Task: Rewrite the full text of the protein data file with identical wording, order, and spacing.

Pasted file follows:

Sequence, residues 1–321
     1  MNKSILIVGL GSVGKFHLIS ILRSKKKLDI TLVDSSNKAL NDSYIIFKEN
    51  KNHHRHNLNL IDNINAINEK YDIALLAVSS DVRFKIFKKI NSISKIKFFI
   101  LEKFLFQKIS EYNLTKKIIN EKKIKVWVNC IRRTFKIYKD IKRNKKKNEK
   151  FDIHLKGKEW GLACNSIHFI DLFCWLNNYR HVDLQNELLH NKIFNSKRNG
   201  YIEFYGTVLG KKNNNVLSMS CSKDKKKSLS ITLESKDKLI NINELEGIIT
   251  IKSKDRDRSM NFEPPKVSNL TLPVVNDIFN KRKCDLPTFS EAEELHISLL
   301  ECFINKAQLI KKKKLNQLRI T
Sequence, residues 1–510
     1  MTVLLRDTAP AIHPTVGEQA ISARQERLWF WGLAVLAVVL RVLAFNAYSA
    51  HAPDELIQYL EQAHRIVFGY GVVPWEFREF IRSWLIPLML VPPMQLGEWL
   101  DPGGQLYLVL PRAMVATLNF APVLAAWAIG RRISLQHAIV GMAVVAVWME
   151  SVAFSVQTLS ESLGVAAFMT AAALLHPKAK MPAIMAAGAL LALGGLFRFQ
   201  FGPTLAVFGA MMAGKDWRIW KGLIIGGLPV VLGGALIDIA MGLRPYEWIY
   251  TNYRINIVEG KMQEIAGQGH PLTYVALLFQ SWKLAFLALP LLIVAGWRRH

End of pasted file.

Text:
Sequence, residues 1–321
     1  MNKSILIVGL GSVGKFHLIS ILRSKKKLDI TLVDSSNKAL NDSYIIFKEN
    51  KNHHRHNLNL IDNINAINEK YDIALLAVSS DVRFKIFKKI NSISKIKFFI
   101  LEKFLFQKIS EYNLTKKIIN EKKIKVWVNC IRRTFKIYKD IKRNKKKNEK
   151  FDIHLKGKEW GLACNSIHFI DLFCWLNNYR HVDLQNELLH NKIFNSKRNG
   201  YIEFYGTVLG KKNNNVLSMS CSKDKKKSLS ITLESKDKLI NINELEGIIT
   251  IKSKDRDRSM NFEPPKVSNL TLPVVNDIFN KRKCDLPTFS EAEELHISLL
   301  ECFINKAQLI KKKKLNQLRI T
Sequence, residues 1–510
     1  MTVLLRDTAP AIHPTVGEQA ISARQERLWF WGLAVLAVVL RVLAFNAYSA
    51  HAPDELIQYL EQAHRIVFGY GVVPWEFREF IRSWLIPLML VPPMQLGEWL
   101  DPGGQLYLVL PRAMVATLNF APVLAAWAIG RRISLQHAIV GMAVVAVWME
   151  SVAFSVQTLS ESLGVAAFMT AAALLHPKAK MPAIMAAGAL LALGGLFRFQ
   201  FGPTLAVFGA MMAGKDWRIW KGLIIGGLPV VLGGALIDIA MGLRPYEWIY
   251  TNYRINIVEG KMQEIAGQGH PLTYVALLFQ SWKLAFLALP LLIVAGWRRH